As driverless vehicles inch closer to becoming mainstream, there’s an important step between them and us: testing.
Springfield is a 285-square-mile virtual city—slightly larger than Chicago—that replicates the look and feel of urban, residential, rural-highway, and interstate driving environments.
Compared to on-road driving test sites, the virtual Springfield offers a safer, faster, and more cost-effective way to test vehicles of all types, including driverless cars.
Most importantly, says Omar Ahmad, director of operations for NADS, Springfield provides a test environment that’s ideal for research. Because the virtual city is fully customizable and controllable, experiments are repeatable and therefore more accurate, he says. In the real world, driving experiments are exposed to unpredictable elements, such as weather and changes in daylight. That’s not so in Springfield, where at the flip of a switch you can adjust weather, time of day, traffic, and road conditions, such as dry, wet, and icy.
“Research needs repetitiveness, and simulation lends itself much more to a cycle of iteration,” says Tim Brown, a senior human-factors researcher at NADS who has been using simulation for research for more than 20 years.
NADS is the nation’s premier driving-simulation research and development facility. When it became operational in 2001, it was the largest and first simulator of its kind anywhere in the world. To date, the simulator has generated more than $55 million in research contracts for the U.S. Department of Transportation and the automotive and pharmaceutical industries.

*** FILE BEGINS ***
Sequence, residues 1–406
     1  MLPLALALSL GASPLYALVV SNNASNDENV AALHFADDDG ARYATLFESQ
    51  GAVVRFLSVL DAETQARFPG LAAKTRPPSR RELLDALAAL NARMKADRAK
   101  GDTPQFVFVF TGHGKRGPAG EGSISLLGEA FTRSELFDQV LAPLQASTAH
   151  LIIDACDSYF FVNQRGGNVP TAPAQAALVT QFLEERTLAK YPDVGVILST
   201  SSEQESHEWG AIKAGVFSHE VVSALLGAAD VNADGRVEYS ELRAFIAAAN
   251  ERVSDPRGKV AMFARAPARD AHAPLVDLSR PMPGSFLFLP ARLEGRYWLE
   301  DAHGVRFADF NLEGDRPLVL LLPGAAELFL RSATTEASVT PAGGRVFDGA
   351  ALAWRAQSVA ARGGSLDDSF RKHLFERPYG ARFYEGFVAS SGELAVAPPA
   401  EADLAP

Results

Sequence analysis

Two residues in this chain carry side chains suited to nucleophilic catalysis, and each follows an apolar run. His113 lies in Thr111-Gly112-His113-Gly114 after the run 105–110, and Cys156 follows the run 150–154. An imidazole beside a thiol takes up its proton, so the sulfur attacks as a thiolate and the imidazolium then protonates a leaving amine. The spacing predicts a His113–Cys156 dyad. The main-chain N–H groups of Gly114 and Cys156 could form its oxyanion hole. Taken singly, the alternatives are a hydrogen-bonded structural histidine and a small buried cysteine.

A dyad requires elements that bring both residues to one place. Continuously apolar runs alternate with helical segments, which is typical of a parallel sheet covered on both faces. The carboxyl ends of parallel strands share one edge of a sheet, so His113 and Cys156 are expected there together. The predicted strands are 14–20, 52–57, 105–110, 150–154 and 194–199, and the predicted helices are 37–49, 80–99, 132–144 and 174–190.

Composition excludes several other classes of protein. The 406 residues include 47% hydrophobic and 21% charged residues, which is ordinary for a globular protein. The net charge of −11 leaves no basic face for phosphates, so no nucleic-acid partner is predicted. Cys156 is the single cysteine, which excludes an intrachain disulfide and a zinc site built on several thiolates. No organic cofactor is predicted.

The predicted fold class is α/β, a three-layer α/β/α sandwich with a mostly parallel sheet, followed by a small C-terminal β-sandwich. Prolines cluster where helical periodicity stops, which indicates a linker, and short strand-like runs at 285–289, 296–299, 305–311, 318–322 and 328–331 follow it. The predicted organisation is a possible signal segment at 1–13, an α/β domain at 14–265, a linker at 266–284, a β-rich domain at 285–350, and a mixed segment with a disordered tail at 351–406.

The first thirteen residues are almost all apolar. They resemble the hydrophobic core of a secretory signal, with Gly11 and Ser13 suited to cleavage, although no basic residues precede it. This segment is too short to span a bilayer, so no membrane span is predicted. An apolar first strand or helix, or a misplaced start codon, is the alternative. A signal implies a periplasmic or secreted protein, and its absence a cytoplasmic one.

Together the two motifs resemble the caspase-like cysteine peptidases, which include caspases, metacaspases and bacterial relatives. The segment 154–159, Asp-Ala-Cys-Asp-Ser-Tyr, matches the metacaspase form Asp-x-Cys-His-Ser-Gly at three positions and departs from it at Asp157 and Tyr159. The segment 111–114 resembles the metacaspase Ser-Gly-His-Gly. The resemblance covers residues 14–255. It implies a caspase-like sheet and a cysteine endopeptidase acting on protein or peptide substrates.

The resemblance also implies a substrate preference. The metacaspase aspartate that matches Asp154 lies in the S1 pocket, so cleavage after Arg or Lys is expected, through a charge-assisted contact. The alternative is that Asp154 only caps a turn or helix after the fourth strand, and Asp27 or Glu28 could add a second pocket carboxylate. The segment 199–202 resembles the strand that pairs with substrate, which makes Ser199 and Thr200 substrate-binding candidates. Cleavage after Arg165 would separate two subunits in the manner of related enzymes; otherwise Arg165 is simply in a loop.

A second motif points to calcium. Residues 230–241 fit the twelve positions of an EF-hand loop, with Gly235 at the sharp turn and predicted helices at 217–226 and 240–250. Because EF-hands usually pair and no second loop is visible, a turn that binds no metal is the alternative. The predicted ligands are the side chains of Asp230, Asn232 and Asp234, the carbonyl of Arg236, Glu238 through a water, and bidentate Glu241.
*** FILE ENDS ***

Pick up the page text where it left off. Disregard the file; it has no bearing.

UI researchers began developing Springfield about two years ago, drawing on staff expertise from years of simulation work at NADS.
For safety reasons, on-road test sites typically use professional drivers, which isn’t optimal if researchers want to determine how the average consumer would handle a particular driving environment. Drivers of all ages and experience levels can take to the road in Springfield, including those who are sleep-deprived, intoxicated, or have another condition that would be too dangerous to test in a real driving environment.
Springfield also presents researchers with the option to quickly and easily make changes to suit their needs. Want to adjust lane markings? Add another intersection? Replace a gas station with a Starbucks? Springfield can do that.
Ahmad says he looks forward to using Springfield to test the future of vehicle technology.
“You don’t have to wait,” he says. “You can test what you’ll be driving 10 years from now today.”
Source: University of Iowa